New government restrictions to student visa routes will cut net migration while protecting the economic benefits students bring to the UK.
New government restrictions to student visa routes will substantially cut net migration by restricting the ability for international students to bring family members on all but post-graduate research routes and banning people from using a student visa as a backdoor route to work in the UK.
The ONS estimated that net migration was over 500,000 from June 2021 to June 2022. Although partly attributed to the rise in temporary factors, such as the UK’s Ukraine and Hong Kong schemes, last year almost half a million student visas were issued while the number of dependants of overseas students has increased by 750% since 2019, to 136,000 people.
The government has also reaffirmed its commitment to the International Education Strategy which plays an important part in supporting the economy through the economic contribution students can bring to the UK.
However, this should not be at the expense of the government’s commitment to the public to lower overall migration and ensure that migration to the UK is highly skilled and provides the most benefit.
Today’s proposals to the student visa route allow the government to continue to meet its International Education Strategy commitments, while making a tangible contribution to reducing net migration to sustainable levels. The government has also made clear that the terms of the graduate route remain unchanged.
The new reforms will come into effect for students starting in January next year. The government will however work with the higher education sector to explore alternative options to ensure the brightest and best students can continue to bring dependents when they study at the UK’s world-leading universities.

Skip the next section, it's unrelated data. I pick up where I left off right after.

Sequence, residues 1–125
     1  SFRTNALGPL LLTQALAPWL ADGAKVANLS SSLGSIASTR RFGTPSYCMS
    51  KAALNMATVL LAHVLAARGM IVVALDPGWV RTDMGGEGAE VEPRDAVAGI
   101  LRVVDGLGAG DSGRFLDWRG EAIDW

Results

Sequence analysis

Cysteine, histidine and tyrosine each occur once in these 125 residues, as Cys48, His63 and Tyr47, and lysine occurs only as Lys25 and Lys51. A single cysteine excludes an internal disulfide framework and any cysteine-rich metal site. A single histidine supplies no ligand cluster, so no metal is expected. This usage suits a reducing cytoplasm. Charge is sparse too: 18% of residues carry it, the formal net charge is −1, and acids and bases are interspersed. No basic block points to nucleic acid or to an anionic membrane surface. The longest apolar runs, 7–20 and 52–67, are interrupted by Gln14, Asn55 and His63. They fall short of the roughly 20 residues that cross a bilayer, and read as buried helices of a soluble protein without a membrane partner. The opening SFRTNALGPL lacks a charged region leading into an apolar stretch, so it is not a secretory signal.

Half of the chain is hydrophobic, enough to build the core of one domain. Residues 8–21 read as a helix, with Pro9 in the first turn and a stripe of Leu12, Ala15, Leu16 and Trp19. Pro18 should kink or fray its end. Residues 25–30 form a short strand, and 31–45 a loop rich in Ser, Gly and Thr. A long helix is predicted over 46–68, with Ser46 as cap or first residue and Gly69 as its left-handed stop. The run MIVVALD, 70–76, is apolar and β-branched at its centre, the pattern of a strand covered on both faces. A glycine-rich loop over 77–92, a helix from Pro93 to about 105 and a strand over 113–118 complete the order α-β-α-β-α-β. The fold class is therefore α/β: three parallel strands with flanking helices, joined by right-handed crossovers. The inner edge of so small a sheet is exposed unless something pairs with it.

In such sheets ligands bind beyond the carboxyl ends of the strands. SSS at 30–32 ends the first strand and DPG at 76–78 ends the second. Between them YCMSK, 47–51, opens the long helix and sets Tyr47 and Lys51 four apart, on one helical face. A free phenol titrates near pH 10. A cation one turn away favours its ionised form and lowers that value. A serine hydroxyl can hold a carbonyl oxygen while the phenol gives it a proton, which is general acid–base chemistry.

To prevent misuse of the visa system, overseas students will be stopped from switching from the student visa route into work routes until their studies have been completed.
The government will also review the funds students must have to demonstrate they can look after themselves and their dependants in the UK, as well as clamp down on unscrupulous international student agents who may be supporting inappropriate applications.
Taken together with the easing of temporary factors, net migration is expected to fall considerably over the medium term. As such, the changes to student visas strike the right balance in supporting the UK economy, including world-leading education institutions, and upholding the government’s commitment to reducing overall net migration.
Home Secretary Suella Braverman said:
The UK is a top destination for the brightest students to learn at some of the world’s best universities. But we have seen an unprecedented rise in the number of student dependents being brought into the country with visas.
It is time for us to tighten up this route to ensure we can cut migration numbers and meet the government’s pledge to the British people to cut net migration. This is the fair thing to do to allow us to better protect our public services, while supporting the economy by allowing the students who contribute the most to keep coming here.
The proposals announced today do not detract from the success of the government’s International Education Strategy, including meeting the target to host 600,000 international higher education students studying in the UK each year by 2030, for two years running.
Education Secretary Gillian Keegan said:
Attracting the top students from around the world isn’t just good for our universities – it’s essential for our economy and building vital global relationships.
But the number of family members being brought to the UK by students has risen significantly. It is right we are taking action to reduce this number while maintaining commitment to our International Education Strategy, which continues to enrich the UK’s education sector and make a significant contribution to the wider economy.
Following the UK leaving the EU, the government introduced a points-based immigration system, giving the government full control of the country’s borders, which is designed to flex to the needs of the economy and labour market and ensure we have the skills and talent needed by UK businesses and the NHS.
The government keeps its immigration policies under review to ensure they are delivering on commitments to the public on net migration.